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Cheers!: This Weiss Needs More Bass

 

While sitting chained to my desk at work, I started fantasizing about which beer I might pick up on my way home. Since I had worked up a terrible thirst and wanted something with a lot of flavor, Weiss floated right to the top among the beery images that flooded my head. Yes, a good German Weiss would do the trick.

But something else caught my eye – an American Weiss called EOS Hefeweizen from the Nebraska Brewing Co. It comes in 12-ounce cans with a big round pull top. It poured into the Weiss glass a beautiful hazy gold with a voluminous white head, which means it looked very promising.

The can proclaims that this beer won a Bronze medal at the 2011 Great American Beer Festival in the South German-style Hefeweizen category. Also promising.

It has plenty of the clovey taste I expect – perhaps too much for it lingers long on the tip of the tongue. There is also a pleasant hint of citrus without a lemon slice, and the necessary effervescence, but something is missing. It tastes very light, almost watery, which is weird because there is the aforementioned spicy flavor.

The missing element, I think, is sweet malt depth. In Germany, a beer must be at least 50 percent malted wheat to be considered Weiss, but most are 60 to 70 percent malted wheat, with the remainder being malted barley. The brewery website does not divulge the wheat to barley ratio.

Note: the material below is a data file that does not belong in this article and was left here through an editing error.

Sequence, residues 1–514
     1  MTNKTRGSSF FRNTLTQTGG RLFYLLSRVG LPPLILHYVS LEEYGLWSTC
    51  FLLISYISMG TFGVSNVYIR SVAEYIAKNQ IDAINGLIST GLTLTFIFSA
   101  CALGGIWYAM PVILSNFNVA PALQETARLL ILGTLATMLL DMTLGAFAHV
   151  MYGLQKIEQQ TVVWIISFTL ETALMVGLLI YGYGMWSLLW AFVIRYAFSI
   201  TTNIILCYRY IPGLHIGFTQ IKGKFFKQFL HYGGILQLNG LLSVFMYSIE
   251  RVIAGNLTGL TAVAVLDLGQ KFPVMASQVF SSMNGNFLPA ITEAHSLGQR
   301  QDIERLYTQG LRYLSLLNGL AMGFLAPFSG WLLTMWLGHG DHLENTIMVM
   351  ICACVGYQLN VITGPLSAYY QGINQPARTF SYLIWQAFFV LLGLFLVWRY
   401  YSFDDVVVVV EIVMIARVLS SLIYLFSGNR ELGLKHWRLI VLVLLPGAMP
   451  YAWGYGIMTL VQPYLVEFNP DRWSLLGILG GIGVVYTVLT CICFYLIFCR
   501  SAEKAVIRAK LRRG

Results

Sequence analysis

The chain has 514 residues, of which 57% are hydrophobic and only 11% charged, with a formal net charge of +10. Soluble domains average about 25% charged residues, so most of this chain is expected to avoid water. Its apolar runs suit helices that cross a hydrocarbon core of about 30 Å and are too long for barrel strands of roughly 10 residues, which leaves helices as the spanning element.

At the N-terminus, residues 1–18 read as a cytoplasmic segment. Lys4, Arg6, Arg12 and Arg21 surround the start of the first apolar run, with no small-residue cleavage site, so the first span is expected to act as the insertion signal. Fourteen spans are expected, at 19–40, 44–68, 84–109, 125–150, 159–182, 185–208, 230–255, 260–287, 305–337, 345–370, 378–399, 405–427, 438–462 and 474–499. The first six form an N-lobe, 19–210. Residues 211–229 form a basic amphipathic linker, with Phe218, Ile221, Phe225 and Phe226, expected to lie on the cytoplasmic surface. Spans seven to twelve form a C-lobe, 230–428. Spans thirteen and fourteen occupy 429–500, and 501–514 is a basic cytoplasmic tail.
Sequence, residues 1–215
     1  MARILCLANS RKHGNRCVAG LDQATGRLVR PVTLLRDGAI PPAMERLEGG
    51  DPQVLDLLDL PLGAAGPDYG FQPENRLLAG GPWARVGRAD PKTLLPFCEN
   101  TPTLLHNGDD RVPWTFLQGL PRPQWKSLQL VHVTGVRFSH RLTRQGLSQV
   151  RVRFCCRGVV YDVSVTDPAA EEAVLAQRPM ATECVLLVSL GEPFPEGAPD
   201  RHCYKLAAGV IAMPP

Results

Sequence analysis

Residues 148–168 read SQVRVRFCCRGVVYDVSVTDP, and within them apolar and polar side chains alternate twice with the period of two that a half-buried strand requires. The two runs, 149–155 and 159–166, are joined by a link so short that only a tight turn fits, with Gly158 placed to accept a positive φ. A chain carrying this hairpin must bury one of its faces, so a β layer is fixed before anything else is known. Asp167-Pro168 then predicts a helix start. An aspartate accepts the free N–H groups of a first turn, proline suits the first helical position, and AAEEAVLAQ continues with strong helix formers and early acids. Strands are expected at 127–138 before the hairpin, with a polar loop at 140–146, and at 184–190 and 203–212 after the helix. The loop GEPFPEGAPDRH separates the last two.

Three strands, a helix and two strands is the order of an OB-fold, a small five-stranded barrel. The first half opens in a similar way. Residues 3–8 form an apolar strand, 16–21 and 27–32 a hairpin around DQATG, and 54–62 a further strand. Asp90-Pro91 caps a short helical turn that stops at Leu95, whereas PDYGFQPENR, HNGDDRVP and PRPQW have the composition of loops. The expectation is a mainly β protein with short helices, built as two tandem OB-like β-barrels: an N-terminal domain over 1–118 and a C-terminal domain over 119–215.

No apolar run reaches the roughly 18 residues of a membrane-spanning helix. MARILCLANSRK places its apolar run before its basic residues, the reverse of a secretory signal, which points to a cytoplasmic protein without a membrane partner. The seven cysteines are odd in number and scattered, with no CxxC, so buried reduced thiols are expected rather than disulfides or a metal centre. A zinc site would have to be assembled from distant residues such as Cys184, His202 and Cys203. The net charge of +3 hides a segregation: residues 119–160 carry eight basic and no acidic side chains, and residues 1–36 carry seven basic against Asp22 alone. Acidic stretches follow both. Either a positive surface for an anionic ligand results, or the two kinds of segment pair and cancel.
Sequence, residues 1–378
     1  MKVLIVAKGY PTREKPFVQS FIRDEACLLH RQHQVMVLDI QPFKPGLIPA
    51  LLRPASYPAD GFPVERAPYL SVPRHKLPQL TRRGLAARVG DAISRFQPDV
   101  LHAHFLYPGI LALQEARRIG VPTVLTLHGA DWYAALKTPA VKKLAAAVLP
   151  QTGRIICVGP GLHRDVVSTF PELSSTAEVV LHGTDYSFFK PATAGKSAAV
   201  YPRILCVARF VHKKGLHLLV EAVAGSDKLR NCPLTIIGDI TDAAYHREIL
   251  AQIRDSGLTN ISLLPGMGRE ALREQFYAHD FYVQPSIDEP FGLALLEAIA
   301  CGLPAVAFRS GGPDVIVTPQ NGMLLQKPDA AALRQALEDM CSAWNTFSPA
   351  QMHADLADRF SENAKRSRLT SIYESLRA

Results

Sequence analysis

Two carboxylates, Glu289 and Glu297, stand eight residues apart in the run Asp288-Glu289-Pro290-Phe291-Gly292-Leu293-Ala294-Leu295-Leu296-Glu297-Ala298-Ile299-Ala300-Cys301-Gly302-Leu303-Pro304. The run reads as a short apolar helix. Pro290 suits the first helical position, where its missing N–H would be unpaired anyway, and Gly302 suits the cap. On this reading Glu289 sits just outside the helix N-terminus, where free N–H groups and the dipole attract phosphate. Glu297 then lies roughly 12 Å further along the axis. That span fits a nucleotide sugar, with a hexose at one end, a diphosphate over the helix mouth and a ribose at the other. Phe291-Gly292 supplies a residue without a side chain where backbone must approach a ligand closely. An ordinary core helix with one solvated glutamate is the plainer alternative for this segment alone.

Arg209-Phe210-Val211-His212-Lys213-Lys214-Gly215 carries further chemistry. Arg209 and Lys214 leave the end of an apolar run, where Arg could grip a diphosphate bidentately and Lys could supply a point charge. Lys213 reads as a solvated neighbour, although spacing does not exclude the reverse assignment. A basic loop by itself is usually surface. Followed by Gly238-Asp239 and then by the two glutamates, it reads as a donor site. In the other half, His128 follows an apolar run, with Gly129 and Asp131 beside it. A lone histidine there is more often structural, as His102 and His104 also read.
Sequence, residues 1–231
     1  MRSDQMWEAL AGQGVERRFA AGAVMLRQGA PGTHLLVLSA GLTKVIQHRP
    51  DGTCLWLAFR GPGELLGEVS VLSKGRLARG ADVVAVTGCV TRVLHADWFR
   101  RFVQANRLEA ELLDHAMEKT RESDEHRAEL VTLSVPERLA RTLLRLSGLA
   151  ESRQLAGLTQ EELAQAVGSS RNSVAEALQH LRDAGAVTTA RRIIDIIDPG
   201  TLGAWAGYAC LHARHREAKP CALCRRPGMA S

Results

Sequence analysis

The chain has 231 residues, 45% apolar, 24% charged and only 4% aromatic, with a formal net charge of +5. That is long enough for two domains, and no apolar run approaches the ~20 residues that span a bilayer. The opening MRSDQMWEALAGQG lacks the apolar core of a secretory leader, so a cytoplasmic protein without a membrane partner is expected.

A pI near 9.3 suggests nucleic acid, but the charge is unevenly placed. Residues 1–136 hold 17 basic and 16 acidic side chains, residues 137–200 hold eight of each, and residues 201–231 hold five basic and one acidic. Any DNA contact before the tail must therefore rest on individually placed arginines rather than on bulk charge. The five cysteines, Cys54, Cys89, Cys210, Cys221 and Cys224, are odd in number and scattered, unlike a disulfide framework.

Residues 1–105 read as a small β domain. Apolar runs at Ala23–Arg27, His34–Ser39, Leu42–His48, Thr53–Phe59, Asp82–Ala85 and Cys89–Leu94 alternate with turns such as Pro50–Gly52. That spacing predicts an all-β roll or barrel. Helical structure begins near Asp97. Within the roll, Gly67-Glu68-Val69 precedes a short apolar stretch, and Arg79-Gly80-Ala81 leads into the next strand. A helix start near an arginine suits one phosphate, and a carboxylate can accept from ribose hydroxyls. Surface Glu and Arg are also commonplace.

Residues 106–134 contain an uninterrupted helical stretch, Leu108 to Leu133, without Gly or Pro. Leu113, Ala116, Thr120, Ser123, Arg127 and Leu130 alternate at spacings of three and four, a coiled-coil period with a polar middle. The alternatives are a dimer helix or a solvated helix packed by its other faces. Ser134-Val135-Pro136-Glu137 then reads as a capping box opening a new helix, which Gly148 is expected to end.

I am not saying I dislike this beer, but it is missing the sweet malt undertones that I expect from a Weiss, which is sort of like The Who without John Entwistle on bass holding everything together.

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I picked up a bottle of Gossip, a Gose brewed with rose hips from To Øl Brewery, a “gypsy” brewery founded by two Danish homebrewers without a brewery. They contract their recipes out to brick and mortar brewers.

Gossip

Gossip

Gossip is brewed by De Proef Brewery of LoChristi-Hufte, Belgium, a 20-year-old brewery that has earned a reputation as a contract brewery for other brewers. It is just one of 15 Euro brewers the To Øl gypsies have enlisted to brew their beers.

Gossip does look nice when poured into the glass, pouring an opaque hay color with a tall and magnificent white head.

At 8 bucks a bottle, I expected a spectacular Gose with salt and sourness at the forefront, which is what this regional East German beer is known for from a high salinity in the local water.

I get a bit of saltiness up front from Gossip, especially if I bite into the foam with a sip. But I feel I have to really concentrate to identify the subtlety of the salt here. Most of it accumulates on the lips after a sip, so you have to remember to lick your lips. But it shouldn’t be that hard to find something so integral to the style.

The sourness is pleasing, tweaked up by the rose hips, I imagine (I am purposely leaving out a rose hip story that includes volcanic diarrhea).

Ultimately, this is a rich, refreshing and satisfying beer.

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